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Audit: Air Force Didn't Justify Reaper Fleet Size

The U.S. Air Force didn't justify its plans to buy a total of 401 MQ-9 Reaper drones worth about $77 billion, according to a report on a Pentagon Inspector General audit.

Officials with the service's Air Combat Command, which is headed by Gen. Gilmary Hostage and based at Joint Base Langley-Eustis, Virginia, failed to get approval from the Joint Requirements Oversight Council for an increase in procurement quantity of the Reaper unmanned aircraft, according to the summary document released Wednesday.

They also didn't maintain "consistent, complete and verifiable" records for determining the proper number of the General Atomics-made drone -- which is a bigger, more lethal version of the MQ-1 Predator, the report states.

"As a result, the Air Force risks spending approximately $8.8 billion to purchase, operate, and maintain 46 MQ-9 aircraft it may not need," it states.

Air Force Lt. Col. Chris Karns, a spokesman for the service at the Pentagon, said the audit provides an incomplete picture of the acquisition program.

"The data in the report is a year old," he said. "It's based on information that is out of date."

Karns said the service has since adjusted the planned acquisition quantity to a total of 346 Reapers, including 343 production aircraft and three development models -- 55 fewer than the figure listed in the IG report. To date, the service has purchased 263 of the drones.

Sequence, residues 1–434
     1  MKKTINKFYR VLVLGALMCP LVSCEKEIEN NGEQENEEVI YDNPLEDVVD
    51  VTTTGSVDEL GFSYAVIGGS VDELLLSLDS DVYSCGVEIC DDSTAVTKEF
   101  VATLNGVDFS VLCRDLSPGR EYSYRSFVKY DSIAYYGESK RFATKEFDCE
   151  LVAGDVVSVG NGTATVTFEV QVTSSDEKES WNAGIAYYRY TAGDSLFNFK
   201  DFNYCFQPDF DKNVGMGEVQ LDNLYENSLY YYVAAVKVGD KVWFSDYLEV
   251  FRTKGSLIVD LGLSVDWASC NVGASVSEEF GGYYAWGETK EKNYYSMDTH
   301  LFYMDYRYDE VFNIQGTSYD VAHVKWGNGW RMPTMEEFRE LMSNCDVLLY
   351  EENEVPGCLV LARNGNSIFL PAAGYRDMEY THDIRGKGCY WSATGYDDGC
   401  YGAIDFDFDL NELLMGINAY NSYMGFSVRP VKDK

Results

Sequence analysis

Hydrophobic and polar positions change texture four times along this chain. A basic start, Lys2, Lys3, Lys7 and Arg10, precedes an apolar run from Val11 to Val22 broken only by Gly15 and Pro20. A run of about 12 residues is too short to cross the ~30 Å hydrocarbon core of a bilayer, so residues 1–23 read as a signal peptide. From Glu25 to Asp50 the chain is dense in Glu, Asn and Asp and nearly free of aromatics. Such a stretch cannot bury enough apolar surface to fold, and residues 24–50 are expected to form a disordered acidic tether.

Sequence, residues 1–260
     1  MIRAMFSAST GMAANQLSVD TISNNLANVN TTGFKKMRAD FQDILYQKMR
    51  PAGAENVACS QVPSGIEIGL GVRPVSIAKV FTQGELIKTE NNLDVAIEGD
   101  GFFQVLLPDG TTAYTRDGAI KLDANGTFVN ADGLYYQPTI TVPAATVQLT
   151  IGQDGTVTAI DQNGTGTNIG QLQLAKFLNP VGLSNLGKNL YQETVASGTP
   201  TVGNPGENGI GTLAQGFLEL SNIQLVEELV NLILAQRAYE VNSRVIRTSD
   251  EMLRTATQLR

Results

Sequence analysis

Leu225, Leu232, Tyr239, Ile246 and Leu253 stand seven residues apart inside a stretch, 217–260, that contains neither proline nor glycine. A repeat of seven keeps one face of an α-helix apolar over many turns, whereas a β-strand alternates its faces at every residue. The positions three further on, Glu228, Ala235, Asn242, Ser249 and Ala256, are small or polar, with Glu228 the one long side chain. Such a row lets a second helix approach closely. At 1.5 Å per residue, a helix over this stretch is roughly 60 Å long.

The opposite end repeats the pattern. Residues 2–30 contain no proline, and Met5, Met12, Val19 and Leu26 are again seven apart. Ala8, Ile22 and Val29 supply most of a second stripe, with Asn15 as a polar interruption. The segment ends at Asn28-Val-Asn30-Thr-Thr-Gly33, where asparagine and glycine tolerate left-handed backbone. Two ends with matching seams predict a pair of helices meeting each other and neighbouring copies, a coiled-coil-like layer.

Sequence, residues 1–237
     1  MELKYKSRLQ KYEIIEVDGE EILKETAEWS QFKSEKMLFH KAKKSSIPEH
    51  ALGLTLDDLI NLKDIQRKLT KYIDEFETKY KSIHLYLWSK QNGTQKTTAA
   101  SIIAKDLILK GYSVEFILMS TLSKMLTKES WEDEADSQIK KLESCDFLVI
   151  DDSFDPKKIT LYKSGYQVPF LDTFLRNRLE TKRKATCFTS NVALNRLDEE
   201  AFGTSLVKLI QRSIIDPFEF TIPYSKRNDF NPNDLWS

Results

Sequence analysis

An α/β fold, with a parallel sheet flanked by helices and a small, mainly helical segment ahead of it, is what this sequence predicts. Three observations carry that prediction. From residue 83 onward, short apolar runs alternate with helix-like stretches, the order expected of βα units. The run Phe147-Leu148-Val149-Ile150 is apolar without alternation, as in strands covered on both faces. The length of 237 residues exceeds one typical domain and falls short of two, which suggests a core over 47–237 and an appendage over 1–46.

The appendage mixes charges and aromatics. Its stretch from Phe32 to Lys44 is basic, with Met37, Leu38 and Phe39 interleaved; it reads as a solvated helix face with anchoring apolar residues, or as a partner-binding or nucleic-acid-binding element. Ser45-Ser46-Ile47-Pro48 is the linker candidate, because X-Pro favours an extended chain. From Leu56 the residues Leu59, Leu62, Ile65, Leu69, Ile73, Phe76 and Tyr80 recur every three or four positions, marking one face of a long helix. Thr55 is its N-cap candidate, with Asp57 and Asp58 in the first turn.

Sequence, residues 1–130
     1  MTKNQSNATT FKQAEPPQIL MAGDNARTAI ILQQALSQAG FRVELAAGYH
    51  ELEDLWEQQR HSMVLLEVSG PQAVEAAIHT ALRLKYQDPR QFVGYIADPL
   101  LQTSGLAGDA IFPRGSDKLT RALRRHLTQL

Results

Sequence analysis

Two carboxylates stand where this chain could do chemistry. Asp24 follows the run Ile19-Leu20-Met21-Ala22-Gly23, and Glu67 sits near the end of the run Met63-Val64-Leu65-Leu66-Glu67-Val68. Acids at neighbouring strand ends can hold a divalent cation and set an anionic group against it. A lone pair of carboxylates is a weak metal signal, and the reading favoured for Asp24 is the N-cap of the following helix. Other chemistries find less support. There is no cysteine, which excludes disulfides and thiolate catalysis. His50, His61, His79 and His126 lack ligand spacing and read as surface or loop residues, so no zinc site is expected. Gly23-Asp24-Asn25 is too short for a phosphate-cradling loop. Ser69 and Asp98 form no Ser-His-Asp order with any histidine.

Also, acquisition documents put the overall cost of the MQ-9 acquisition program at slightly less than $12 billion, indicating the estimate from the IG report includes funding needed to sustain the fleet throughout its operational life.

The Air Force and Special Operations Command plan to spend a total of $591 million for a dozen Reapers and ground control stations in fiscal 2015, which began Oct. 1, according to budget documents. The funding will also be used to modify some of the existing drones into extended-range versions.

The full audit hasn't been made public and is only available for release pursuant to a Freedom of Information Act, or FOIA, request, according to the summary report.

The audit by the IG office, headed by Jon Rymer, recommends for the command's directorate of plans, programs and requirements, Maj. Gen. Scott Zobrist, to determine the cost and number of Reapers needed for various missions in an updated analysis to the Air Force Requirements Oversight Council, as well as the Joint Requirements Oversight Council.

In a response to the audit, an assistant to Zobrist agreed with the recommendations and indicated officials have already begun such an analysis.

The MQ-9 Reaper is among the aircraft the U.S. military is flying to conduct airstrikes against Islamic State militants in Iraq and Syria.

The manufacturer, General Atomics, recently unveiled a new enhanced cockpit station for operators, complete with high-definition touch screens, a video game-like controller, and keyboard for chat and other messaging functions.

In a press release later in the day, the Air Force touted the value of the Reaper. With its significant loiter time, wide-range sensors, multi-mode communications suite and precision weapons, the MQ-9 provides a unique capability to perform strike, coordination and reconnaissance against high-value, fleeting and time-sensitive targets, it states.

"There isn't a Combatant Commander that doesn't want more of this capability," Col. Ed Thomas, spokesman for the Chairman of the Joint Chiefs of Staff, said in the release. "The need for ISR remains a top requirement for our theater commanders and our national leaders."

(Story was updated to include comments from Air Force and Joint Chiefs of Staff spokesmen beginning in the fifth paragraph.)

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